The History of Weaving Rugs in India’s Jails
It is a well-known fact that people all over the world love beautiful things. From pottery, porcelain, silk, and ivory, exquisitely crafted pieces have always been highly sought after. Spanning thousands of miles, from the Americas and across India, to the eastern shores of China, imports and exports of goods offer the opportunity to obtain the finest international artworks. Things were no different in the nineteenth century when beautifully detailed handmade rugs were exported from occupied India. However, these incredible works of art were often the result of jail production and came from forced labor in India’s jail population. These Indian Jail rugs did not just offer Europeans a beautiful product, they also paved the way for British businessmen to exploit labor and profit substantially.
Mongol Weaving Origins
The history of weaving rugs in India goes back thousands of years and begins in the steppes of Central Asia, with a Mongol named Genghis Khan. His name is a familiar one; a warlord known for his ruthlessness, he was responsible for one of the greatest empires the world has ever known. At the time of his death in the early 13th century, the Mongol Empire was vast, stretching from the far East and into Central Europe.
Although Khan left a trail of bodies in his path, he was also a skilled leader and loved many types of art. Because of this, artisans traveled with the Mongol army, resulting in Babylonian and Persian carpet weavers riding alongside the warriors, their skills soon becoming an integral part of every conquered territory. The art of rug weaving spread throughout Genghis’ massive empire, and in 1526 a distant relative of the Khan, Babur, the Mughal ruler of Afghanistan, invaded India, bringing carpet weavers there as well.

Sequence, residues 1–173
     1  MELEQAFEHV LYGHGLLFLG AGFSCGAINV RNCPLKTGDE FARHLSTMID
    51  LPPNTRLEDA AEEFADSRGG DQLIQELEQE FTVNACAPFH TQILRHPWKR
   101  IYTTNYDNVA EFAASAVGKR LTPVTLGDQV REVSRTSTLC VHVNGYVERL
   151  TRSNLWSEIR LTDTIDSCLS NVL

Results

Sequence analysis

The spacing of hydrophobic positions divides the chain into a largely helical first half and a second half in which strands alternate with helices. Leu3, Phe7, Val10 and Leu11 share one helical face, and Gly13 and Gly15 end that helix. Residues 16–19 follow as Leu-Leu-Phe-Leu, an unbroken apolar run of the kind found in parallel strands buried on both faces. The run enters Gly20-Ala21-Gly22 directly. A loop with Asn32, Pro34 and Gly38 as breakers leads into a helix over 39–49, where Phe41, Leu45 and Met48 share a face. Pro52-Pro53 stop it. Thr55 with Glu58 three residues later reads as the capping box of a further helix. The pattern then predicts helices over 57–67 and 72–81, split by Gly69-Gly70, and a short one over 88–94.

British Influence On Carpet Weaving in India
Carpet weaving had spread far and wide by the time the East India Company arrived in India in the 17th-century. Created to serve as a body for the British to participate in the Indian spice trade, they eventually became involved in politics and acted as an agent of British imperialism in India from the early 1700’s to the mid-1800’s. By the 18th century, a profitable trade had been established with Britain, with thousands of carpets sent back to the country every year. Due to the low technological requirements and high product value, coupled with strong demand, carpets appealed for obvious economic reasons.
After widespread dissatisfaction with East India Company leadership, the result was an open rebellion. In 1858, the British government took possession of the East India company’s assets. It imposed direct rule, known as the British Raj, which lasted until India and Pakistan gained their independence in 1947.
The British Empire strengthened its hold on India in the last half of the 19th century, creating numerous opportunities for hundreds of British businessmen. During this time, prisons served as major centers of craft production and education. Carpet weaving was based in jails where inmates produced exceptional rugs using traditional designs.
The Production Of The Indian Jail Rugs